The Cycling Independent Reform Commission (CIRC) asked today for people to testify on the sport’s past. It wishes to learn from the rocky period spanning from the Festina Affair in 1998 to the recent Lance Armstrong scandal and to make recommendations. It said it will offer reduced suspensions for those who cooperate.
“The primary purpose of our investigation is not to punish doping offenders but to learn from the past so we can help ensure a better future for cycling,” said Dick Marty, Chairman of the commission. “We will treat all witnesses fairly and so I urge anyone in the cycling community with information that can help our investigation to come forward.”
New cycling president, Brian Cookson helped establish the commission after he took office in September.
“The Cycling Independent Reform Commission will not only help us learn from the past, but will also play an important role in shaping our future processes and practices,” Cookson said. “I committed to this process before I was elected in September 2013 and I’m pleased to see the CIRC fully operational only a few months later. It is essential that the commission is left to get on with its investigation on a completely independent basis and I have ensured that all the structures are in place to allow this to happen.”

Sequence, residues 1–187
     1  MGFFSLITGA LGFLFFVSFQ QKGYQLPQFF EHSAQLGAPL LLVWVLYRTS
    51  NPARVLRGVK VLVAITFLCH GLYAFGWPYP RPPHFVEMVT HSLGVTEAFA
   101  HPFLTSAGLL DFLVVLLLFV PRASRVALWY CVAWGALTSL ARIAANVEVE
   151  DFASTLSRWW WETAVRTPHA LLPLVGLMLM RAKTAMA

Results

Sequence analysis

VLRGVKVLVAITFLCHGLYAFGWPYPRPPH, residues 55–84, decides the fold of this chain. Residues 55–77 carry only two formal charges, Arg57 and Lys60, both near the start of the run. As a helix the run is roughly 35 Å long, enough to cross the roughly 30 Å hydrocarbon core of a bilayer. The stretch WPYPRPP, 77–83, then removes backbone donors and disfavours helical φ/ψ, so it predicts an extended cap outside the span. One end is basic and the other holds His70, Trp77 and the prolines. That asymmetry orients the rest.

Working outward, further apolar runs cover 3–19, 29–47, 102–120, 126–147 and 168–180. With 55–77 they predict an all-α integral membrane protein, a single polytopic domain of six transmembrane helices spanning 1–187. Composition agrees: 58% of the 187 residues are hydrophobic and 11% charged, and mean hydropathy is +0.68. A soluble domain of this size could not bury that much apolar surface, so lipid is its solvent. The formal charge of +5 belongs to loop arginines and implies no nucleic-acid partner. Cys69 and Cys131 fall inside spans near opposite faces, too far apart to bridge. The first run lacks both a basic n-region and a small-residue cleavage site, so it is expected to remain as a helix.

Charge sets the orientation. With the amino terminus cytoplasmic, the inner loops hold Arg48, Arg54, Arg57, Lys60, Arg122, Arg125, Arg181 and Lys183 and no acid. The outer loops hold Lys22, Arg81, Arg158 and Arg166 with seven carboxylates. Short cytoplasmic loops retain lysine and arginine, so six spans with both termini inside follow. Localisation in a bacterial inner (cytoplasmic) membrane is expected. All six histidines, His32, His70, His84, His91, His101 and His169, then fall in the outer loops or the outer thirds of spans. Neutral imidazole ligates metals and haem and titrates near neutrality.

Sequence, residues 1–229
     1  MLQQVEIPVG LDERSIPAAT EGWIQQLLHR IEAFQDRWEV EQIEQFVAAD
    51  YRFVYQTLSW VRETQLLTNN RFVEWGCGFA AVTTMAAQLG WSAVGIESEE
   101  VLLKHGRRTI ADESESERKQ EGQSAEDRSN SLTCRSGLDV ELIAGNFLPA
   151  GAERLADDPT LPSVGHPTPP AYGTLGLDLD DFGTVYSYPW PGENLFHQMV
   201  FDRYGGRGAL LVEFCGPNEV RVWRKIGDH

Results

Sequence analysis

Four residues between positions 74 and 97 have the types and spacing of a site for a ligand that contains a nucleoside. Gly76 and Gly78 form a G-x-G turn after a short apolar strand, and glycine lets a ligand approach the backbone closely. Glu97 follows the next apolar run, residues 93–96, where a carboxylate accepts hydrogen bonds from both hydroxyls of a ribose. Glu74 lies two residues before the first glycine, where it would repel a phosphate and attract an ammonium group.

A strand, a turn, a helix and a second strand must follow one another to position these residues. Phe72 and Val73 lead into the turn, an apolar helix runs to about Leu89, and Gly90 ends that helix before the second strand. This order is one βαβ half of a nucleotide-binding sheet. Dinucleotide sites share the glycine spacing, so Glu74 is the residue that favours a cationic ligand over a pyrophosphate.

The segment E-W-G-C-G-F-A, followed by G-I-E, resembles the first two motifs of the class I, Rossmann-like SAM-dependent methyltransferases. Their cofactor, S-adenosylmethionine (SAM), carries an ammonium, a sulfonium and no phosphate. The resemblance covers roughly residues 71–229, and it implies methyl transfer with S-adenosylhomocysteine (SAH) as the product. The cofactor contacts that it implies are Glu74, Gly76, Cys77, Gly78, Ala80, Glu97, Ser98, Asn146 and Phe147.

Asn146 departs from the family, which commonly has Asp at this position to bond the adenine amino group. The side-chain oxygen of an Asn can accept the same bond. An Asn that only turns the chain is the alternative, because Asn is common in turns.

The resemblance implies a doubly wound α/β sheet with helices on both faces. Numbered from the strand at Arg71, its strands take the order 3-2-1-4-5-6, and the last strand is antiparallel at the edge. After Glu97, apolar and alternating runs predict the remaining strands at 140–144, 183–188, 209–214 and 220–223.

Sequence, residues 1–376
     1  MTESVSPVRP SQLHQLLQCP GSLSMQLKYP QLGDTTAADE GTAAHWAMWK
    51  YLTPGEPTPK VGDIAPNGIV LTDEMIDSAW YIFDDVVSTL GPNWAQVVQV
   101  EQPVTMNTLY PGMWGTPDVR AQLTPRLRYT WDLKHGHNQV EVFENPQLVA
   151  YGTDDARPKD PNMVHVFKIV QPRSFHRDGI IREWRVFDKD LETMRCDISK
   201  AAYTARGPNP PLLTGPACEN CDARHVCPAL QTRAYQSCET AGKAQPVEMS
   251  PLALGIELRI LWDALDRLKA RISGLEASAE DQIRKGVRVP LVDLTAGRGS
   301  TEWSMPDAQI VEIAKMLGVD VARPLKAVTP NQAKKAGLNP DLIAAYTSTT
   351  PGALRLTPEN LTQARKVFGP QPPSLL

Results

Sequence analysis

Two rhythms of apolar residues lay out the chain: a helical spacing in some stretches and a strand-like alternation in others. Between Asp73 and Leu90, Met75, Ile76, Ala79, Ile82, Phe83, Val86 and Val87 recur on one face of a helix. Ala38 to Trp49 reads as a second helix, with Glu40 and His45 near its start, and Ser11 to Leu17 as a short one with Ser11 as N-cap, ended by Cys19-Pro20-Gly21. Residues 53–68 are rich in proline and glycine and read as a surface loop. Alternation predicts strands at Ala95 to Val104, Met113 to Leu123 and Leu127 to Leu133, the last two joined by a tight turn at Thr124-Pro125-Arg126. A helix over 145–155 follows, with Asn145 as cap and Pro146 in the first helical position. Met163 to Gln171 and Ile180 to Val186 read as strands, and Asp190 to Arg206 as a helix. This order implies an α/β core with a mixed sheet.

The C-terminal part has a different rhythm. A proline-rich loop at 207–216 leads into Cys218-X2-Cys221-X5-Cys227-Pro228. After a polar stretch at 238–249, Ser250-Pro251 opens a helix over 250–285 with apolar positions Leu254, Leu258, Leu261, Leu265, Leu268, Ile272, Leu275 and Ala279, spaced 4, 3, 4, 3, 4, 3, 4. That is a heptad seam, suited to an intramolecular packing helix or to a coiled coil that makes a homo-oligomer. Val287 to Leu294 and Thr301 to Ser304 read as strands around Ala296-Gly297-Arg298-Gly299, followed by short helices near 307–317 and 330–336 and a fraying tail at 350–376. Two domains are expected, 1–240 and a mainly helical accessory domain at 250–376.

The commission also listed several terms and references that it is operating under, including its investigation period and options for reduced sentences. It said it will operate independent of cycling’s governing body, the Union Cycliste Internationale (UCI).
The press release read: “The final objective of the investigation shall be the production of a comprehensive report illustrating the causes of, and responsibility for, the doping practices that took place within the relevant period and to make targeted recommendations to the whole cycling family.”
Cookson said earlier that he wants the commission to finish its work by the end of the year.
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